TransCanada Corp. has signed up enough customers to proceed with its 150,000 barrel-per-day pipeline from Oklahoma to the Gulf Coast, a project that will help end a bottleneck weighing on benchmark North American crude prices.
The $70-million (U.S.) Cushing-Marketlink spur is part of TransCanada's controversial Keystone XL pipeline project that would connect Alberta oil sands producers with the massive Gulf Coast refining hub.
The company said Wednesday it has come to terms with enough U.S. producers to justify the new line, which would take two years to build and deliver crude from Cushing, Okla., to Port Arthur, near the Louisiana border.
Cushing is now the market hub for many U.S. producers as well as growing volumes of Canadian crude; those deliveries are set to soar when TransCanada finishes its initial Keystone pipeline project.
Already, the increased supply and weak U.S. demand has created a glut at Cushing, where West Texas Intermediate - the benchmark North American crude - is priced. As a result, WTI is trading at a steep discount to foreign crudes and even some U.S. grades that are refined on the Gulf Coast.
In trading Wednesday, West Texas Intermediate closed at $87.33 (U.S.) per barrel, while North Sea Brent closed at $97.91 in London.
TransCanada chief executive Russ Girling said the Keystone XL pipeline, along with the Cushing-Marketlink spur, will eventually help relieve that pressure and reduce the discount being paid on West Texas Intermediate.
Canadian crude producers also face price discounts as a result of increased supplies in their traditional Midwest market. TransCanada says the Keystone XL pipeline would also boost Canadian prices by giving suppliers access to the Gulf Coast market, though they would be competing there with Venezuelan and Middle East producers.
"Producers are looking for an outlet to get their crude from that landlocked, bottlenecked point to where the larger refining market is, which is Texas and Louisiana," Mr. Girling said in an interview.
"So it is very strategic for those parties."
TransCanada is now planning a three-legged extension Keystone project: one that will deliver Alberta crude to the Gulf Coast near Houston, one that will deliver crude from Cushing to Port Arthur and one that will deliver crude from the Bakken play in the U.S. to the Gulf Coast.
The entire project hinges on the U.S. State Department granting a permit for TransCanada to build the international pipeline, a process which was delayed when the U.S. Environmental Protection Agency and the U.S. Department of Energy questioned the need for the pipeline and its potentially adverse impacts.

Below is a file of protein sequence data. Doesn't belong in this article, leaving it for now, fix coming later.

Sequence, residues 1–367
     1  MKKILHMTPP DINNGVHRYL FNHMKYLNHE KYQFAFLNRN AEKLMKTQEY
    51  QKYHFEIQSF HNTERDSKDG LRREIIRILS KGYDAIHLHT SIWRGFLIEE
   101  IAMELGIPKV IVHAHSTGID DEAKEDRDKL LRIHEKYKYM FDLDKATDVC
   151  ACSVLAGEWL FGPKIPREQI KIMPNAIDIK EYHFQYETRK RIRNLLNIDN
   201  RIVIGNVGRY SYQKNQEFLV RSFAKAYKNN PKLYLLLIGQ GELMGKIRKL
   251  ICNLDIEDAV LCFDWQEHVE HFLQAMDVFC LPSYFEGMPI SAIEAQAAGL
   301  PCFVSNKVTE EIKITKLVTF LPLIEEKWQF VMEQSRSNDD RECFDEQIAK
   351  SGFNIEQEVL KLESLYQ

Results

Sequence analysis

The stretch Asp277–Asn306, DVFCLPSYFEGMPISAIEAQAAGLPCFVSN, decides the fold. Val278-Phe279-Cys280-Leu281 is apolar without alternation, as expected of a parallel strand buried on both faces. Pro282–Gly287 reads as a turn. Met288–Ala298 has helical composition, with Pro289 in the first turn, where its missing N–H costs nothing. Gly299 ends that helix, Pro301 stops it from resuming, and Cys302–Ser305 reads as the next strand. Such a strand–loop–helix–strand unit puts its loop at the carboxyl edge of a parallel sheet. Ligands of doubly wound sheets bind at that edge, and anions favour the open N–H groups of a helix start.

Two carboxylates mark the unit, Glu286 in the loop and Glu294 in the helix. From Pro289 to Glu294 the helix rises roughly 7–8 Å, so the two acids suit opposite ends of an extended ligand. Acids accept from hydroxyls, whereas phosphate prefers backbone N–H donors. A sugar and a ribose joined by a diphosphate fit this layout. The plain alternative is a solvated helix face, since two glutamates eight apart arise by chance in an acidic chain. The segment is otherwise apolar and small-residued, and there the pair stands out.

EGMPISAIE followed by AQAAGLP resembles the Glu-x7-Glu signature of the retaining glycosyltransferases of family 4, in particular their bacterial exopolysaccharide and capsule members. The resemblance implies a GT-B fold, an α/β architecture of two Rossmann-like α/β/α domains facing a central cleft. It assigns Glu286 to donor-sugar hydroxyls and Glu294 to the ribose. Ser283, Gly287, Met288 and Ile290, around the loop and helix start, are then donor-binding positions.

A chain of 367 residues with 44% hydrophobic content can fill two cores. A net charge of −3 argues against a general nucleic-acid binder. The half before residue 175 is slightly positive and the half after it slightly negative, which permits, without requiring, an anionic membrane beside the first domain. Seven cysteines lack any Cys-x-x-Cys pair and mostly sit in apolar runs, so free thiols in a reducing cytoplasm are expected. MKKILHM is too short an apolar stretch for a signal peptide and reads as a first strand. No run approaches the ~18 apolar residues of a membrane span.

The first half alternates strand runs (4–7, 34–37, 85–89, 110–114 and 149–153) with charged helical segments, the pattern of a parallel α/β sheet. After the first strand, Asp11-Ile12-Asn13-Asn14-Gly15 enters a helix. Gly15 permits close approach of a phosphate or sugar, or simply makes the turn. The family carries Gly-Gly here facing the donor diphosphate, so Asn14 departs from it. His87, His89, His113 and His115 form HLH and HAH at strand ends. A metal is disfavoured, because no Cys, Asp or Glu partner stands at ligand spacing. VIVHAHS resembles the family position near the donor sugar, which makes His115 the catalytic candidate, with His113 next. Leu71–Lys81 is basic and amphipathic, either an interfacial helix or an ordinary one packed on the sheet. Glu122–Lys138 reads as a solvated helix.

Mr. Girling said he expects to receive the final permit by the end of the summer.
Environmental groups opposing TransCanada's plan have seized on the company's claim that the XL pipeline would boost demand for Canadian crudes, while allowing WTI spreads to narrow.
In a filing with the National Energy Board, the company estimated that revenues to Canadian companies would grow by as much as $3.9-billion per year.
"TransCanada admits Keystone XL will drive up oil prices in the United States," said Ryan Salmon, energy policy adviser at the National Wildlife Federation, one of the groups seeking to block the company's permit application.
"If we're talking about raising the prices of not only Canadian oil but oil produced in the United States, that is something the State Department ought to be really concerned about."
But Mr. Girling said the pipeline would increase the supply of oil into the United States - with a potential capacity of some 950,000 barrels per day - and would keep overall prices lower, even as it reduced the discounts being paid on specific crude sources.
"If we're going to move another one million barrels of more supply into the United States, in a market that consumes about 15 million barrels per day, that would likely have a downward pressure on prices," he said.
"All things being equal, I would think the U.S. would benefit from the increased supply and the increased reliability of supply."